Caregiving is Hard on Family Members


Fuller and Raman found that ¾ of U.S. workers are dealing with caregiving in some fashion, and most say that these responsibilities are hurting their productivity and earnings ability.

“The Caring Company” surveyed 1500 employees and 300 HR leaders and found that without employer support, many working caregivers were forced to reduce their work hours, limit career plans, or in some cases, leave the workforce altogether to care for a loved one. And those that left were comprised of highly skilled and compensated workers.

“By not offering benefits that employees actually want–and by not encouraging employees to use the benefits they do offer–companies incur millions of dollars of hidden costs due to employee turnover, loss of institutional knowledge, and temporary hiring,” Fuller and Raman note.

While the survey found that 29% of employers offer referrals to caregiving services, only 8% provided a subsidy for eldercare. Many employers will argue that they do offer generous benefits plans, but employees are looking for guidance like flexible work schedules, discounts for home care, counseling to relieve the burdens from caregiving, and Group LTCi.

Imagine an employee caring for a parent who did not adequately plan for long-term care and may not have the liquid assets to pay these exorbitant costs of care. Not only are they dealing with their own families and career demands, but now they must figure out how to pay these costs.

Many people decide to open their checkbooks and pay these costs. However, when family members do this it often impacts their ability to save for their future retirement and adversely impacts their ability to pay for their future care.


Group LTCi Benefits Multiple Generations


A correctly implemented Group LTCi plan can help not only the employee and their spouse/partner, but extended family as well, including parents, grandparents, siblings, and children. It should also include a robust Employee Assistance Program with caregiving services and a strong family leave/flexible work policy. The program should be properly marketed to the employees and their eligible family members.

Today’s Group LTCi is more affordable and flexible than ever, and whether the plan is funded fully or partially by the employer, or if it is a voluntary plan, it offers excellent value to the employer and the employee.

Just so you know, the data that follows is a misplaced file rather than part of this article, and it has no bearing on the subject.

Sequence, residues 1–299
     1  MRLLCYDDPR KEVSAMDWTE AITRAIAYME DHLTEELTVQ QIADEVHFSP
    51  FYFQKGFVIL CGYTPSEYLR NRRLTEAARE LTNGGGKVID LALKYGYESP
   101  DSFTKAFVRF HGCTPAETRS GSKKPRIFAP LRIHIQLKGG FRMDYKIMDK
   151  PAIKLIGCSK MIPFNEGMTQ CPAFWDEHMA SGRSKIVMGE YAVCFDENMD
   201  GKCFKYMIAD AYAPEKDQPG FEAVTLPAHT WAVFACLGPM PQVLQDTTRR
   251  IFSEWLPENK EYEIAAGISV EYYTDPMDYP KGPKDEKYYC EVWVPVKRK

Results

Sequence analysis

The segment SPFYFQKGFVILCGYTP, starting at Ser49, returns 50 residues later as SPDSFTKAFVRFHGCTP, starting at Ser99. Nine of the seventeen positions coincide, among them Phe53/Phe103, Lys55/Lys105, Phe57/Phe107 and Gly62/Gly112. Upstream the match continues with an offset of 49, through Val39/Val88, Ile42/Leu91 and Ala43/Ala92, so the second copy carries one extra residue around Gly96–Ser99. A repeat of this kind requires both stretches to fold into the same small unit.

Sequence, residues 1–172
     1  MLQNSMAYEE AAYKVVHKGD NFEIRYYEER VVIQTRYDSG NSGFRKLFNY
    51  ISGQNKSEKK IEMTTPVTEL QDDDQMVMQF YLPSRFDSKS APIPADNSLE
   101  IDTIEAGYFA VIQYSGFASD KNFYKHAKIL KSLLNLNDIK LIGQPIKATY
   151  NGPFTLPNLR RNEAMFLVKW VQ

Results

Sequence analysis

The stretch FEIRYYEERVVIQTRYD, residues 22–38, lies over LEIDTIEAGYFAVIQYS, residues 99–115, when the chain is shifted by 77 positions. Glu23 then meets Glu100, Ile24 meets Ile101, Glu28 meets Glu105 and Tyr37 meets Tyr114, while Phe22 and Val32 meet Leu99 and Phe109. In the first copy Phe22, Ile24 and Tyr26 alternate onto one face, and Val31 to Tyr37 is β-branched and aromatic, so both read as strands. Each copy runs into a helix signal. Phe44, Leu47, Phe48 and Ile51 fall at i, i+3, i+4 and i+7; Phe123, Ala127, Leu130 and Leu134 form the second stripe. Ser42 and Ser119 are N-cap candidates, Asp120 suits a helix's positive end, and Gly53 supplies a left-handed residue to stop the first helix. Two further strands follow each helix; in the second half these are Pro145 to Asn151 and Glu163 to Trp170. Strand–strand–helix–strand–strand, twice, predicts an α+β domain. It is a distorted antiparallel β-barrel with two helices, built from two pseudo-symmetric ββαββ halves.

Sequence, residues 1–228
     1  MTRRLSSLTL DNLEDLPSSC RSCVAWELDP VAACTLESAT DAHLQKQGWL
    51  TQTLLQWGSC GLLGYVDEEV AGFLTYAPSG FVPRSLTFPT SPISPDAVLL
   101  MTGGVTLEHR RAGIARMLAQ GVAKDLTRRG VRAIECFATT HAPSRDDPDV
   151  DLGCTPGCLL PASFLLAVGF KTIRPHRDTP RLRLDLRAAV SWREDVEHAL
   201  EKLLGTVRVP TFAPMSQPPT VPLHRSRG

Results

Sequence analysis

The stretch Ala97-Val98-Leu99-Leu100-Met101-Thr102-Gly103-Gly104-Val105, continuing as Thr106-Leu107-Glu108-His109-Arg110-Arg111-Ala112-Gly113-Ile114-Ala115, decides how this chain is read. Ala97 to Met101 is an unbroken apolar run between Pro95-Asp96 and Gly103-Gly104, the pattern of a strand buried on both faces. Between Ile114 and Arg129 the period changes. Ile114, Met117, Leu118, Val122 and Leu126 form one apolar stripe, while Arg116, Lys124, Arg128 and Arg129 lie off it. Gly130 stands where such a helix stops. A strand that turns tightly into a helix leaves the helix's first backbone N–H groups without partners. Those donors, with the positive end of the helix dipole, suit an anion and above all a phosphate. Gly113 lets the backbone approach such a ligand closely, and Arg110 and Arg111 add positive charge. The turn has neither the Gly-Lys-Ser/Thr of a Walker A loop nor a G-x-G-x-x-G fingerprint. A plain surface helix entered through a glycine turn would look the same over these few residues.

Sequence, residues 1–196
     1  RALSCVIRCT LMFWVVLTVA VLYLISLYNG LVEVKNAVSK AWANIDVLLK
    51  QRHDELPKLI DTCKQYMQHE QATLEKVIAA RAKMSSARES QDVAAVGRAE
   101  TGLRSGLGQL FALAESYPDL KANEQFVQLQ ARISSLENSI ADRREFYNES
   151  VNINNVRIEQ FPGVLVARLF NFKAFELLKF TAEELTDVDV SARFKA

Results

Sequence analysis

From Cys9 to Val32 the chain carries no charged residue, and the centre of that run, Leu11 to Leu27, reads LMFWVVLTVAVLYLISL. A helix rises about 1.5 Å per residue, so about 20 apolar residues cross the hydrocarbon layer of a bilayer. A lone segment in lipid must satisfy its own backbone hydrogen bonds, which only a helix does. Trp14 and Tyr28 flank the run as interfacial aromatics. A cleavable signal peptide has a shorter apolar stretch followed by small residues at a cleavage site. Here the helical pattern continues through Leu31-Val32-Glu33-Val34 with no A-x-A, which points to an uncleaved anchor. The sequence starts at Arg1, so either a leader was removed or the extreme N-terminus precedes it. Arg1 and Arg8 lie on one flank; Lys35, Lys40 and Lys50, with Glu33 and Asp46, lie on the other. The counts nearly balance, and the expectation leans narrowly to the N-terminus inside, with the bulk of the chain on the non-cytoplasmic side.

Employer-provided LTCi is treated as an accident and health plan, and as such, can be offered to a select group of employees and their spouses/partners, and eligible tax dependents, and are not included in the employee’s income.


Long-Term Care Insurance Offers Tax Benefits


The premiums paid through the company checkbook are deductible based on how the company is structured, whether a C-Corporation, including LLCs and Professional Corporations, taxed as a C-Corp., Sole Proprietors, Partner in a Partnership, 2% plus Shareholder of S-Corp., or LLC or Professional Corporation taxed as S-Corp. (read article on LTCi tax benefits by clicking here)

For example, a C- Corporation allows a 100% tax deduction of the premiums paid through the company checkbook for eligible employees. The tax treatment of LTCi Benefits is also very favorable in that tax-qualified LTC insurance reimbursement benefits for qualified long-term care expenses are not included as income.

Group LTC Insurance is very popular, especially among caregiving employees, and 82% of caregiving employees are interested in LTC insurance compared to 57% of the general population.

What are some other reasons that an employer would offer Long-Term Care Insurance in addition to the demand by caregivers and the tax benefits?

I spoke with Tom Rieske, Jr. of LTCi Partners, a company with decades of experience in the Group LTCi Market and he shared these tips:

  • Timely and valuable education on the need for LTC planning. Getting old and planning for care is hard! People have a hard time envisioning being dependent in the future. Education can have an impact – just has employer education has helped with retirement planning.
  • Addresses a significant “gap” in the employee’s financial plan and helps protect their 401(k). The biggest risk to a well thought out retirement plan is an unplanned health or long-term care need.
  • Unisex rates and group discounts. An employer-based LTC plan provides gender-neutral multi-life rates that are generally lower than comparable coverage in the individual market. The rates in the individual market will be based on age, marital status, and state of residence.